In 2012, I wrote about the P-touch PT-1290 label maker in “Gear Geeking” [Tape Op #90]. I've printed countless self-stick labels with the P-touch, using its mini QWERTY keyboard and 15-character LCD screen to type out the labels with text and symbols. I prefer TZeS-series tape with extra-strength adhesive for labeling everything from studio gear to the kids' lunch containers; and the labels on the lunch containers have lasted over 6 years through nightly dishwasher runs. Last year, I decided all that typing — and retyping, since the PT-1290's storage is limited to nine saved labels — was getting tiresome, so I looked for a labeler that would connect to my laptop. That's when I discovered the Brother P-touch CUBE This compact printer uses the same TZe tape that I love, but it lacks a keyboard and display; instead, it connects wirelessly via Bluetooth to an iOS or Android device, and you use a free companion app to design your label before printing it on the CUBE. The app's layout editor is WYSIWYG, and there are many font choices as well 450 icons/symbols to select from. Each label can have up to two areas for symbols along with a single text area, and text can flow horizontally or vertically. What's really cool is that you can choose to specify a tape length, and the app will resize the text/symbols to fit within that length — a really helpful feature if you're making wraparound labels for cables, for instance. Importantly, you can save as many of your label designs as you want for quick recall at any time. I use the P-touch CUBE with my Google Pixel 2 phone, and my biggest gripe is that the companion app's UX was clearly designed for iOS. For example, deleting previously saved labels requires you to first push an “Edit” button to show checkboxes, then select the appropriate checkboxes, and finally hit a “Delete” button — so clunky compared to modern gestures like swipe or long-press. Also, hitting the back button opens up a menu asking you where you want to go, instead of just taking you to the previous screen — ugh. Otherwise, I really appreciate being able to create, edit, and save labels on my phone; my old but well-used PT-1290 is now shelved away. I travel a lot, so I've gotten into the habit of labeling my take-along electronics. A few years ago, I accidentally left behind a USB Type-C charger in a hotel. That was back when multivoltage USB-IF certified Type-C chargers were expensive and hard to find. When I phoned the hotel to ask if they could ship my charger to me, they sent me someone else's charger. Apparently, that hotel had a large basket into which their cleaning crew would toss lost chargers, most of which were Apple ones. If any guests called, the hotel staff would grab a random charger and send it. So, I phoned again and reiterated that my charger wasn't an Apple, and that it was clearly labeled with my name. This time, the person who took my call kept me on the phone while she looked and quickly found my charger, and she said that this was her first time seeing a labeled item in the lost basket! I'm sure that every studio has a similar drawer full of lost chargers, drum keys, tuners, etc. If you travel to other studios with mics, interfaces, headphones, and other devices, labeling your gear will help you or your assistants set aside your belongings while everyone's cleaning up in a hurry after an overextended session — or help your hosts realize later that it's your gear, even if you weren't aware that you left it behind.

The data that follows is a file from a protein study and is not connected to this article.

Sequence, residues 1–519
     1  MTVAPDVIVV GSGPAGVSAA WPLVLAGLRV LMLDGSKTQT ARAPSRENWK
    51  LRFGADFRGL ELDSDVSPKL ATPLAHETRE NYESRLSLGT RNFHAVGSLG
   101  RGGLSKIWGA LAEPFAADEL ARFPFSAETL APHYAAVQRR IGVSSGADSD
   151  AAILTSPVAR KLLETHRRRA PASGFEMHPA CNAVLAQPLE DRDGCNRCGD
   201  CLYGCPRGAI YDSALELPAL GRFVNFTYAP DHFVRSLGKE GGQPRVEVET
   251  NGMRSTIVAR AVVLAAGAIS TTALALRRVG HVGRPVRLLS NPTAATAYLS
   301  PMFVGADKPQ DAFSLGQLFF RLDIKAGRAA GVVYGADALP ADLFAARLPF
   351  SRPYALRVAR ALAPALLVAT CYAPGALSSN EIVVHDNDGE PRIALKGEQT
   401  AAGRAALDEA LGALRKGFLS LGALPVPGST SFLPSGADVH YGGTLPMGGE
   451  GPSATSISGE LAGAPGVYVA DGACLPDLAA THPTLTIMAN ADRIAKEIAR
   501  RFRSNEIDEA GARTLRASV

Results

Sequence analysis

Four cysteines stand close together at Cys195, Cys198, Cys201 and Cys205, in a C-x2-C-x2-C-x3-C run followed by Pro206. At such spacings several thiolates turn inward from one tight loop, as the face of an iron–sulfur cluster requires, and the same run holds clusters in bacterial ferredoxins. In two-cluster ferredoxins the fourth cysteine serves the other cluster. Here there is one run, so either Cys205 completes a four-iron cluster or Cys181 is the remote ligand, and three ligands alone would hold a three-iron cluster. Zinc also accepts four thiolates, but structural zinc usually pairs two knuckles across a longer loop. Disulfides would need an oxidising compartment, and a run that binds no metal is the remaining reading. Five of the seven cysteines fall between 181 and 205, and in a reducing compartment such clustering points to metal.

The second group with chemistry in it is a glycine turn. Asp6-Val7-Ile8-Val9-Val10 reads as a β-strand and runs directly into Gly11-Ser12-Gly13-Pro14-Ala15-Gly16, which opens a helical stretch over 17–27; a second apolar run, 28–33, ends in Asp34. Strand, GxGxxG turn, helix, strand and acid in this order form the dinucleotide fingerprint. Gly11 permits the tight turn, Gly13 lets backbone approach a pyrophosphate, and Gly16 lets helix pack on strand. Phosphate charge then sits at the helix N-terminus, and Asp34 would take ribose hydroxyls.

Tape Op is a bi-monthly magazine devoted to the art of record making.

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